orders of tho day over to Leo I was
chiefly conscious of my anxiety over
the outcome of tho battle. My mind
was as active as ever and It was tor
turo to Ho there and not be able to hee
or do anything. I received reports
from Sibley by runners telling of his
progress and these I read to Leo when
Dr, Farwell brought stretcher bear
ers with him, but I was kept there In
the trench for a whllo becauso of the
heavy artillery fire. Gas shells began
to burst near us and they put my gas
mask on mo. I never knew beforo how'
uncomfortable one of thoso things
could be. It Is hard enough for a man
to breathe with a lung full of blood
without having one of those smother
ing masks clapped over his face.
Fortunately, my Interest was so
firmly fixed on the fortunes of battle
that I had but llttlo time to indulge
in any feeling of discomfort. I heard
tho sound of the firing gradually re
cedo and I knew that Sibley's men
were advancing. Then it came nearer
on tho left and I knew that Berry's
outfit was being beaten back. It was
not an Ideal way to observe an action
and my anxiety would have been al
most unbearable if it had not been for
ono or two reassuring messages from
Sibley. That grand old man was as
hopeful as if tho whole American
Army had been at his back.
After a while the artillery fire let
up a little, though It was still on
when they carried mo back to Lucy,
whence I was rushed to tho forward
hospital .and shot full of anti-tetanus
serum. Then on to Meaux and finally
to Paris, whero I arrived at 4 A. M.
the next day Juno 7 after being
eight hours In the nmbulance. I re
mained in the hospital until July 22,
when I was discharged and came
home on leave.
So much for my personal experience.
Meanwhile tho battlo for Belleau
AVood was going on and I received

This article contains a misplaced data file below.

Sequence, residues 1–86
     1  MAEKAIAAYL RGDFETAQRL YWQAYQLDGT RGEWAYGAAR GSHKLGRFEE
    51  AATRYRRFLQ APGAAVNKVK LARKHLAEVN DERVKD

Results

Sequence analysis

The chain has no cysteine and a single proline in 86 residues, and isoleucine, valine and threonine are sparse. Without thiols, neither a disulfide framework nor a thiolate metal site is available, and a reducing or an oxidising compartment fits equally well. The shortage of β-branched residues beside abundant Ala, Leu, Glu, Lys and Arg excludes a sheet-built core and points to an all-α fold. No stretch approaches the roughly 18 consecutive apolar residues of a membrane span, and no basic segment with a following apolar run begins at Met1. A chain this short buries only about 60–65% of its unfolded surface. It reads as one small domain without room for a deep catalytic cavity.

detailed reports of It.
l.V BE3.LEAU WOOD AND BOURESCHES.
MAJOR BURTON WILLIAM
SIBLEY is one of the most
picturesque characters In the
Marine Corps. He Is a short, swarthy
man, wiry and of great endurance.
His men loved him nnd would follow
him everywhere. He is as active as a
boy, and It was he who, on foot and
fighting as desperately as any of them,
personally led thoso two companies
of Marines into tho death haunted
labyrinth of Belleau Wood. Stanch
veteran of Marines that he is, ho de
serves all the praise that can be
heaped upon him for that night's
The minute they got into tho woods
our boys found themselves In a per
fect hornets' nest of machine gunners,
grenadiers nnd riflemen. No one
could havo realized how strong tho
enemy's position thero was, or I do
not believe that wo would have been
ordered In without moro adequate ar
tillery preparation. There were ma
chine gun nests everywhere on every
hillock nnd small plateau, In every ra
vlno nnd pocket, amid heaps of rocks,
behind plies of cut timber and even In
These German guns In tho wood
wero well placed to cover all zones
with both lateral and plunging fire.
Hut the marines never faltered. They
attacked those nests, with rifles, auto
matics, grenades nnd bayonets. In
small groups, even singly, they
charged tho machine gun crews nnd
their infantry supports with wildcat
ferocity, fighting like fiends till tho
Huns were dead or threw up their
hands and bleated "Kamerad." Then
they rushed on to tho next one.
Amid Mnehtnc Gun
Tho most effectlvo method was to
run to tho rear of each gun In turn
nnd overpower the crew. But each
flanking position was covered by an
other gun which had to be taken Im
mediately. It was a furious dash from
nest to nest, with no time to stop for
breath. In the thick of tho meleo the
wild yells of tho Marines wero mingled
with the constant crackle of rifle Are
llko bunches of firecrackers explod
ing. Through the smoke of battlo that
drifted like fog among tho treo trunks,
Sibley kept to his course across the
nouthern section of the wood. There
was dense brush In spots, where men
got lost and found themselves Iso
lated -jjiid cut off from their squads.
The wounded dragged thomselvA to
thickets and depressionsany plare
where they could hide from thow pry
ing bullets nnd wait till there was timo
for some ono to carry them out. They
wero short of water and tho suffering
Told "Give 'Em